I was watching Divergent last night (again). I’ve been an avid fan of the book ever since it existed (way way back in 2010/2011!!!!!) and it’s one of those books, like the Harry Potter series or Life on the Refrigerator Door, that I’ve read so many times I’ve lost count. Jeanine Matthews, that most hated of fandom villains everywhere, described human nature as the enemy. My first reaction was a Dumbledore-esque cry of ‘but it’s human nature to love! To form family bonds and help others and create strong morals and then enforce them!’ But however much I hate to say it, she may have had a point…
Bonds make us weaker. Love makes us willing to die for other people, even if it goes against orders or morals. Morals go against big corporations and, occasionally, the government. If I was planning to take that role, I, too, would want rid of human nature.
But Divergent and Anarchism aside, I it is also in human nature to copy. Not just in desperate exams but in every day life. We copy the way others walk. Accents. Body language. And slang is bounced around teenagers like me so fast that in a month one word will be standard fare in pretty much every internet – ed country in the world. Except maybe North Korea. Chances are slang is illegal there.
Most of all, we copy what we wear. For most of us, changing what we actually look like in terms of features and bodies is pretty much impossible: we just have to make do with what we were given. It’s because of this desperate need to copy that we want to look like each other, but we can’t. So what now?
Well, fashion, of course. If you hadn’t figured it out from the title already. Here, finally, is something we CAN change about ourselves, to try to make ourselves look as much as possible like everyone else! People talk about fashion as an expression of individualism, but, by the time it gets filtered down to us low budget high street infuencables, it’s anything but. Fashion now becomes a desperate race to look the most like THAT girl or boy and, just in the Olympics, there are medal worthy attempts and a awful failures. Because fashion isn’t about dressing in a unique way to suit both your body shape and personality. It isn’t about taste or favourite colours.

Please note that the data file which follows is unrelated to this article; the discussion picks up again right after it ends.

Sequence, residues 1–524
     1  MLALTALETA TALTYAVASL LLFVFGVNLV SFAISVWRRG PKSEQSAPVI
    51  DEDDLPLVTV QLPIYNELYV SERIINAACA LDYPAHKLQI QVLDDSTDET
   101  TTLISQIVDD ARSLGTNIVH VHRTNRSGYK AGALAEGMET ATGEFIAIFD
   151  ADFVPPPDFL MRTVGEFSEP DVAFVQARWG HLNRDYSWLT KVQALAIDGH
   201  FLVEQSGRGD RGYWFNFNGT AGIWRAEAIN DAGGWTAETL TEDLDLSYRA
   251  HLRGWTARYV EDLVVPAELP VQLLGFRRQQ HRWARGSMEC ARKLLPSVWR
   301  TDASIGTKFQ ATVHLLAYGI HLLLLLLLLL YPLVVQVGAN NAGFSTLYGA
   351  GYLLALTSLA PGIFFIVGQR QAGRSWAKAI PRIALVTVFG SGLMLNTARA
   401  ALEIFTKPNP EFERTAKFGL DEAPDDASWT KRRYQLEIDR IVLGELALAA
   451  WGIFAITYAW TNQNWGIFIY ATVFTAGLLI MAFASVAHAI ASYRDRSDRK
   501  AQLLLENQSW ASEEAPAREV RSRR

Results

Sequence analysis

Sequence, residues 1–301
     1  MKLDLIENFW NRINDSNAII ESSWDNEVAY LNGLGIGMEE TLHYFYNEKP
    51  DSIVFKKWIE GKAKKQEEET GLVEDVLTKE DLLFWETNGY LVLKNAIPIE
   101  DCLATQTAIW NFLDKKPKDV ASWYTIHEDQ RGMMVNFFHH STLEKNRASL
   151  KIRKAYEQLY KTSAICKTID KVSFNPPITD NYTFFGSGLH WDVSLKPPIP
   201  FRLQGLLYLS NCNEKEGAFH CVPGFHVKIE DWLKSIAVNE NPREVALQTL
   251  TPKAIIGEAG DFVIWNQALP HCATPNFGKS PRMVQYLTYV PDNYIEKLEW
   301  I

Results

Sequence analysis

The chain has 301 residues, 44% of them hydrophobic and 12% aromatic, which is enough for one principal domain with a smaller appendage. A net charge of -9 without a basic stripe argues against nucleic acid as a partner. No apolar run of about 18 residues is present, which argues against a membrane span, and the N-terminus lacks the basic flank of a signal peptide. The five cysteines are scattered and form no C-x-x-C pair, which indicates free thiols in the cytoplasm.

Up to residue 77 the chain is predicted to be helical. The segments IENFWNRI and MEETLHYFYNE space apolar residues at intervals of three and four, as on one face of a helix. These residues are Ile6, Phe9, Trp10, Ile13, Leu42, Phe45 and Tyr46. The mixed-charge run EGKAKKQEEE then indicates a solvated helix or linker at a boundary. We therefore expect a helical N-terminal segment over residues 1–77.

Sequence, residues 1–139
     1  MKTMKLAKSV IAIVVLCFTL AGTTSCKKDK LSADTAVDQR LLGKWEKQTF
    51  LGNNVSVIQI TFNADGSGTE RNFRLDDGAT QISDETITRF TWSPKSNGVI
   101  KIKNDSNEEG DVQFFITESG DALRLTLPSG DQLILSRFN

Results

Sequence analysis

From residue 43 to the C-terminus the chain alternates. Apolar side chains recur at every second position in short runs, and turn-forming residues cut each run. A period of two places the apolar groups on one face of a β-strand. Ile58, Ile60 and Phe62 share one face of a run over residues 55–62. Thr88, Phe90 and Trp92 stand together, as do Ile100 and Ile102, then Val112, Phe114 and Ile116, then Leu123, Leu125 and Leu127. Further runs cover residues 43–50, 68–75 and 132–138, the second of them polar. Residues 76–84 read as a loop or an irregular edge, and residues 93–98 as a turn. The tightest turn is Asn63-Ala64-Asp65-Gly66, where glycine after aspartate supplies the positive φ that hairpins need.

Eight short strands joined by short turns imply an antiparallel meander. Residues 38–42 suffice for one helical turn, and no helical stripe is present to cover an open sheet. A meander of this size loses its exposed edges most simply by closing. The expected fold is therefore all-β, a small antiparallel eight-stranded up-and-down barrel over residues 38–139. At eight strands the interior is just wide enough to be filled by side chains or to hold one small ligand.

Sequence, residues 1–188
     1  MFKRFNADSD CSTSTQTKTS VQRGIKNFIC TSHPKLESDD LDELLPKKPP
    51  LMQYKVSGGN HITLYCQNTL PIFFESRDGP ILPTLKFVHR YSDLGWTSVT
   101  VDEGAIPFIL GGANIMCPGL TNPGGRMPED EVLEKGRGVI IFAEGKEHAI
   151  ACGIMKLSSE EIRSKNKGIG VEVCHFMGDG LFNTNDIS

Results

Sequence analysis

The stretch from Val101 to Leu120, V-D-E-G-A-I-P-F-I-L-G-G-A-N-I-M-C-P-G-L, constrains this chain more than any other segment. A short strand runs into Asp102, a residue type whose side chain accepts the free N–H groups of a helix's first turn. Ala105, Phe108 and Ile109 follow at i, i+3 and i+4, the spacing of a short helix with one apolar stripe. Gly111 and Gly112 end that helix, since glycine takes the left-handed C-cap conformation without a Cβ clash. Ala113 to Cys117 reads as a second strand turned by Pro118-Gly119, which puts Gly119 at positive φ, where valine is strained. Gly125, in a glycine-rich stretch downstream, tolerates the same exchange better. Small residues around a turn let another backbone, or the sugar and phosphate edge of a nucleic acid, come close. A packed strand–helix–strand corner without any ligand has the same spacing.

Yep, I hate to sound like an angry activist, but fashion is simply about control. Everyone looking the same and wanting more of the same means more demand which means higher prices and there’s no obligation to put them down. When people think independently, they’re lost as customers. So fashions take to every media device available on earth to convince that not wearing fashion is unacceptable. And, as someone who isn’t afraid of big, long dresses and calf – length skirts, it sometimes feels as if the media are in schools, too. Which in a way they are. Because if you’ve spent the most impressionable years of your life being told to follow blindly what you’ve been told to follow blindly, why wouldn’t you?
It boils down to this: we aren’t the same. Every person is different. So why should we dress the same? I dare you to ask just one ‘trendy’ person why they follow fashion. I have. And I’m still waiting on a reply.
Oh, and I’m pretty sure I made a few words there. And spelt nesescary wrong. But hey, what’s life without a little variety?